(From left) Antonita Slaughter, Asia Taylor and Shoni Schimmel were all selected in the WNBA Draft Monday.
LOUISVILLE, Ky. (WDRB) – Over the last 20 seasons the University of Louisville men's basketball team has won a national championship, rolled into three NCAA Final Fours and won titles in three different conferences.
Here is something the Cardinals have not accomplished since 1994:
Have three players taken in a single NBA Draft.
Louisville celebrated a three-peat – WNBA style -- Monday night. This time it was the women's program built by coach Jeff Walz that achieved something the Louisville men's program has done seven times, but not for two decades.
Shoni Schimmel, Antonita Slaughter and Asia Taylor took their spots next to Cliff Rozier, Greg Minor and Dwayne Morton (1994); Billy Thompson, Milt Wagner and Jeff Hall (1986) and Derek Smith, Jerry Eaves and Poncho Wright (1982) as draft classes to remember at U of L.
When the Cards won the men's title a year ago, only Gorgui Dieng and Peyton Siva were taken by the NBA.
"Us coming in as freshmen, you don't know what to expect," Schimmel said. "You don't know what you're going to give. You can sit there and know you're going to give all that you have individually, but I think we did it more as a collective group."
The collective group results deserve to be repeated: The senior class won 107 games over the last four years. They climbed as high as No. 3 in the AP and coaches' polls this season. They played in the 2013 national championship game. They toppled unbeaten Baylor a year ago, an upset many called the biggest ever in women's college hoops.
There's more. They appeared on television 29 times. They played in front of the largest crowds in program history – an average of 9,469 this season. Only Tennessee and Iowa State averaged more.
Then there was Monday night – Schimmel was picked eighth. She will join former Cardinals' star Angel McCoughtry in Atlanta. Slaughter was taken 35th by the Los Angeles Sparks. The Minnesota Lynx, the defending WNBA champs, selected Taylor with the 36th and final pick.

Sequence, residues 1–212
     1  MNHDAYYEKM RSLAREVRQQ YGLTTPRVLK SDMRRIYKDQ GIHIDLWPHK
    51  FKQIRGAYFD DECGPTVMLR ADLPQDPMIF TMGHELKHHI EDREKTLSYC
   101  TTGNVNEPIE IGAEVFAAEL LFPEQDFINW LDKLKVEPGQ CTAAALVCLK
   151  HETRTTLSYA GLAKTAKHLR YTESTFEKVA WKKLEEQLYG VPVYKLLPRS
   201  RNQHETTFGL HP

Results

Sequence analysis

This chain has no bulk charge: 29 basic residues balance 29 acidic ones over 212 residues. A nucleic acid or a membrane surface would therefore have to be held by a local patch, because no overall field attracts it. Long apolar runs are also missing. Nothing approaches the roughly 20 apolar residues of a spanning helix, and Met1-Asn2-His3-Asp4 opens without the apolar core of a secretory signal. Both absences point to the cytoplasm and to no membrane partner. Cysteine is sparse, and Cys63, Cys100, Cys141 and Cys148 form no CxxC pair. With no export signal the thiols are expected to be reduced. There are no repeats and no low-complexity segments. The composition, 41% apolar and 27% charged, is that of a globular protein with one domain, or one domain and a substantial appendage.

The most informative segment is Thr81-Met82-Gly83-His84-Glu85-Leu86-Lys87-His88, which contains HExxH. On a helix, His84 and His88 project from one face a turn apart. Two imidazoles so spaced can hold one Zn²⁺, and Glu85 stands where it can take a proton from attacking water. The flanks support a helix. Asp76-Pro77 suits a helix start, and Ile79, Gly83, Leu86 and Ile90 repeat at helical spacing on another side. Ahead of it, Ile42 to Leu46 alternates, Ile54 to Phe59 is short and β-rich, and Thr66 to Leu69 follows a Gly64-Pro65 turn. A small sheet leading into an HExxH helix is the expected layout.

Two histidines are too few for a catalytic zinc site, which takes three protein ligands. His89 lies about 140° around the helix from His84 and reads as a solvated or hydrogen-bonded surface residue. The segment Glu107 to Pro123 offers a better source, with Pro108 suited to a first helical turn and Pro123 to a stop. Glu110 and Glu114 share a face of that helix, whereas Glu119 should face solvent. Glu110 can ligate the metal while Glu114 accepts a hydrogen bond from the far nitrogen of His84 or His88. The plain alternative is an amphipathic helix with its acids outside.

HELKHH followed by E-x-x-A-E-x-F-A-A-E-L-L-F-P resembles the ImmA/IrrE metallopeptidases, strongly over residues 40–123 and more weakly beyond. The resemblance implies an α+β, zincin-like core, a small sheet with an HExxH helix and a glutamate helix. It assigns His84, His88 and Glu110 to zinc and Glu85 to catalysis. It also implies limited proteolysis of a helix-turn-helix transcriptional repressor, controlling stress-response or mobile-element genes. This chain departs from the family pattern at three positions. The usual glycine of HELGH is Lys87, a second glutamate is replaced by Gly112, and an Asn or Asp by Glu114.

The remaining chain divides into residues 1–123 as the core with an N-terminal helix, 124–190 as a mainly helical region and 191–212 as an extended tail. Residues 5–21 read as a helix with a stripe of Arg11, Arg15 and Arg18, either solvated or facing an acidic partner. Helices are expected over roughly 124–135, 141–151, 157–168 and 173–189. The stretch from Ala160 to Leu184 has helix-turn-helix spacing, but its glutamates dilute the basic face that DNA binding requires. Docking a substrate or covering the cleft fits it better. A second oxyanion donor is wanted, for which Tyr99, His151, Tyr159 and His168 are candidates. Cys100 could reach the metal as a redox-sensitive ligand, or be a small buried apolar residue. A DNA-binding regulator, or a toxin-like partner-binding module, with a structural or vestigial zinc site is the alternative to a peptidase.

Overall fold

"It's a dream come true," Schimmel said.
And the chance to play with McCoughtry, who led the WNBA in scoring last season at 21.5 points per game?
"I'm looking forward to it," Schimmel said. "I know she likes to score. I like to pass. For us to both feed off each other, it's going to be great."
Nobody was more appreciative than Slaughter, who was concerned that health issues had ended her career early in the season. She got healthy, missed only six games and made 54 three-point shots. Now she is bound for Los Angeles, which expects her to keep shooting.
"It's just truly a blessing," Slaughter said about having the chance to play professional basketball.
"To get drafted, that tops everything off. I know I have to still work for it. I'm going to do that. I understand it can be taken away so fast. I really appreciate that."
Especially in Los Angeles, for a team that has Magic Johnson as one of its owners.
"It's really cool," Slaughter said. "I'm going to stay away from all distractions out there."
In the NFL they call the final person selected in the draft every season Mr. Irrelevant. As the final player taken in the WNBA Draft, Taylor does not intend to become Ms. Irrelevant. On Monday, Taylor celebrated as if she was the first overall pick.
"The TV flashed back on and they said, '36th pick, Minnesota Lynx,'" Taylor said.
"I almost blacked out. It was crazy. I went from sitting on my chair. I think my head hit the ceiling. I got tackled by Tia (Gibbs) and my teammates and stuff … the fact that I was sharing it with these two, it couldn't have been a better feeling."